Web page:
In 1673, Mary of Modena married James, who would go on to become James VII & II (King of Scotland, England and Ireland) twelve years later, before being deposed in 1688. In the same year that her husband was deposed, Mary gave birth to a son they named James Francis Edward Stuart. The Jacobites fought across two centuries to get these two Jameses (Jacobus being Latin for James) crowned. Mary, as wife and mother, was at the centre of the civil war from its beginnings to her death in 1718.
Born in 1658, Mary, whose full name was Maria Beatrice Anna Margherita Isabella d’Este, was the only daughter of Alfonso IV, Duke of Modena, and his wife, Laura Martinozzi. Her father died when she was young, and her brother inherited the title. Mary grew up multilingual and a devout Catholic. She expressed interest in becoming a nun, but when it reached Italy that James, Duke of York, was looking for a new wife, following the death of his first, she was convinced to reconsider.
James and Mary were married by proxy, before having a second ceremony when she arrived in England. The union was unpopular, with many Protestants viewing Mary with suspicion, believing her to be an agent of the Pope. Things worsened for James and Mary when a secretary of theirs was implicated in the fictitious Popish Plot, a plan to assassinate Charles II. This led to the Exclusionist Crisis, an attempt to bar the Catholic James from ever becoming King.
In an effort to ease tensions, Charles II sent his brother and Mary away from London, with them first going to Brussels and then Edinburgh for a few years, only returning to London for brief periods, such as when Charles got sick. In 1683, they enjoyed a boost in popularity after the Rye House Plot was discovered. The Rye House Plot had sought to assassinate both Charles II and James, which prompted many people to sympathise with them. Aware of this shift, Charles invited his brother and sister-in-law back to London. Charles II died in 1685, leaving no legitimate children. His brother was crowned James II and VII.
Since getting married, Mary had suffered several miscarriages, and all of her and James’s children had been stillborn or had died young. In 1688, she gave birth to a healthy son who was named James Francis Edward Stuart. James’s two daughters from his first marriage had been raised as Protestants, despite James’s own beliefs; because of this, Protestants had hoped that one of them would succeed their father. The new child became known by many as the “warming-pan Prince”, named so because of the rumour spread that Mary’s own child had been stillborn and swapped out for a random healthy baby. This, combined with a negative response to James’s policies, led to the Glorious Revolution, which resulted in James being deposed and him and Mary living in exile in France.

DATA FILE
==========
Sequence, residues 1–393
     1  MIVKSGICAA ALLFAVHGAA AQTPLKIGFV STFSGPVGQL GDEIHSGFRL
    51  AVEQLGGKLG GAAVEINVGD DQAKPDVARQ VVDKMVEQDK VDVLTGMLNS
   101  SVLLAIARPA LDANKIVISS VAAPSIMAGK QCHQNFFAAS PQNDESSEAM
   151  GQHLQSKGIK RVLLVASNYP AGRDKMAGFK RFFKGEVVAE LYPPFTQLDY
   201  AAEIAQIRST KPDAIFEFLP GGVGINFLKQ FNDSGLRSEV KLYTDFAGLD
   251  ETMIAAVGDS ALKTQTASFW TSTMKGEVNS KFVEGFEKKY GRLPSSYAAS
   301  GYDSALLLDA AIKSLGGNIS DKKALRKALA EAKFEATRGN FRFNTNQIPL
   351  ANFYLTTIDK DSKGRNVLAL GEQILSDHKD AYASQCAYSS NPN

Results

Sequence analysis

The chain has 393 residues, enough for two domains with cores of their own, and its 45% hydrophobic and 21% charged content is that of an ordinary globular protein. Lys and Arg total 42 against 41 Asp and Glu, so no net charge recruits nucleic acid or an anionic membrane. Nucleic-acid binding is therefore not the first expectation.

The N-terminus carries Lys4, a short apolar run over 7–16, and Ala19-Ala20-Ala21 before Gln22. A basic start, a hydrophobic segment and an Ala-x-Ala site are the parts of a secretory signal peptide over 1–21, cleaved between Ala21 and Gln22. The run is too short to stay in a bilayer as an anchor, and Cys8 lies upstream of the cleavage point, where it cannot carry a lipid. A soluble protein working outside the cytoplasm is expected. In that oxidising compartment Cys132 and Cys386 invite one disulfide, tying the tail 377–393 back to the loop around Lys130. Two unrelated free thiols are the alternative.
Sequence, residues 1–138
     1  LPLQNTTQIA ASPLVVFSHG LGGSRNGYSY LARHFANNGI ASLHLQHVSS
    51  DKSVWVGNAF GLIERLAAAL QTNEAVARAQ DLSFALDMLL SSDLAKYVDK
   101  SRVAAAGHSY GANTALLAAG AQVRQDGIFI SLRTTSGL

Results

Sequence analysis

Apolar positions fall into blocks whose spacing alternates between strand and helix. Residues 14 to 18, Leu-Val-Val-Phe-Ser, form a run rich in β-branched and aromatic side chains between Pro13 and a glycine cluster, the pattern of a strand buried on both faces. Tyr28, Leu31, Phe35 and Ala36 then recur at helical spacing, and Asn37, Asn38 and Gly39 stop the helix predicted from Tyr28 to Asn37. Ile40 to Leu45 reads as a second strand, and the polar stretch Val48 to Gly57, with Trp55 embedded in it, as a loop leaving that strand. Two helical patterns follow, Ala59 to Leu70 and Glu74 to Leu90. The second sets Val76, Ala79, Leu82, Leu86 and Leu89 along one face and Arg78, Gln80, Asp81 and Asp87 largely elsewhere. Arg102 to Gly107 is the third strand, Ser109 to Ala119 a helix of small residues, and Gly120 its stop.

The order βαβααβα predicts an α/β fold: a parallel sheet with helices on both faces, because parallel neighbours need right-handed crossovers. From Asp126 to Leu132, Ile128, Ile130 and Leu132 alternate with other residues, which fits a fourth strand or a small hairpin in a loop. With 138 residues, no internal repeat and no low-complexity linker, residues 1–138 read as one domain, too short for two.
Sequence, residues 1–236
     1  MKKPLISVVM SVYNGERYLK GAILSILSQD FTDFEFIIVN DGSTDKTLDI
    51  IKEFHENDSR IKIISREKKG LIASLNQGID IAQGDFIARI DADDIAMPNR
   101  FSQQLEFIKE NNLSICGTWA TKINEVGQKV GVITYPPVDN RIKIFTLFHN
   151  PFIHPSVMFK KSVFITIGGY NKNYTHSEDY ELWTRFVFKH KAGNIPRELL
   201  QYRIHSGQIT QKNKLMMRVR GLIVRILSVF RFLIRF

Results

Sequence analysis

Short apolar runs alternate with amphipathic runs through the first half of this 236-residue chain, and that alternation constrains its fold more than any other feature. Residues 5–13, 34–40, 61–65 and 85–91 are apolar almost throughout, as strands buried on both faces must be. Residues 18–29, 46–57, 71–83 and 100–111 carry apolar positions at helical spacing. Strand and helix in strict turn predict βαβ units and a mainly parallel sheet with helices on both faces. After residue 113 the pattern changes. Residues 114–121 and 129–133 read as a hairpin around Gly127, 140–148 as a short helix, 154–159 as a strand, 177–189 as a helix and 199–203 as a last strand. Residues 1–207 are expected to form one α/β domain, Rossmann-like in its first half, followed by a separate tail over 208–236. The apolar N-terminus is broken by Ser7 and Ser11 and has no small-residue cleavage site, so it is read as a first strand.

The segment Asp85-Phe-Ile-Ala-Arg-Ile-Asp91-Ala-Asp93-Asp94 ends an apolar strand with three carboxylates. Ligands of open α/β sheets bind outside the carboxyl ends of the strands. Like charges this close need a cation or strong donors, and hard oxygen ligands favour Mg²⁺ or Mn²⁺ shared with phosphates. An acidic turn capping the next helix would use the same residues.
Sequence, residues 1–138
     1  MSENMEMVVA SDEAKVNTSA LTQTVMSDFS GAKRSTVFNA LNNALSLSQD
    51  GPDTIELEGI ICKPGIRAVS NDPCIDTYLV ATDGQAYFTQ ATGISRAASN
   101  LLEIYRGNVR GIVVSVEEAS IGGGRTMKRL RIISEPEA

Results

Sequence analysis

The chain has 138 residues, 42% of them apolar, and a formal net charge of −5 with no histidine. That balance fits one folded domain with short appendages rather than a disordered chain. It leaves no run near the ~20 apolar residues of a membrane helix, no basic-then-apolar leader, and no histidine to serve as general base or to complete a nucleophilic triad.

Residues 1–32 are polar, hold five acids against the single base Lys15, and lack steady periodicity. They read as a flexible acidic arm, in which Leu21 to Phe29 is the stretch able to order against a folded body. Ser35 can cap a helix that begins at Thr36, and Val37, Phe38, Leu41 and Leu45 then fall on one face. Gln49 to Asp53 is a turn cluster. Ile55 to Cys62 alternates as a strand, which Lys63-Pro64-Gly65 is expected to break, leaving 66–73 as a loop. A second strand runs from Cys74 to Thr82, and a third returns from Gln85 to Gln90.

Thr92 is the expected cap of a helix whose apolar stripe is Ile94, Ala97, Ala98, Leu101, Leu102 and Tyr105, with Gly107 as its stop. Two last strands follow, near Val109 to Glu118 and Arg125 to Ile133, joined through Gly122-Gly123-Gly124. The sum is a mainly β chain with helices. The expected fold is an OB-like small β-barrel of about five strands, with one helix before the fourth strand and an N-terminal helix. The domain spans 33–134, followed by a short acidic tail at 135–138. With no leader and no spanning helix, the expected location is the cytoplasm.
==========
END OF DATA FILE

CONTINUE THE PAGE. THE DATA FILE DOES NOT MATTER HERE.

Louis XIV of France presented James and Mary with Château de-Saint-en-Layne, where they resided for the rest of their lives. Mary also spent a lot of time at Versailles, where she was well-liked. In 1692, she gave birth to a daughter, Louisa, who lived until 1712. The Jacobites referred to Mary as “The Queen Over the Water”.
In 1701, James VII & II died, and his young son succeeded him to the Jacobite claim. Mary, acting as regent, pushed for her son to be recognised as King. France, Spain, Modena and the Papal States acknowledged him, but in London he was declared a traitor. Though she wanted to promote his claim, she was against him being apart from her before he was of age. She acted as regent until her son turned sixteen.
Mary spent her later years assisting and visiting convents. She died of cancer at the age of fifty-nine. She was buried in the Convent of the Visitation at Chaillot, which was later destroyed during the French Revolution.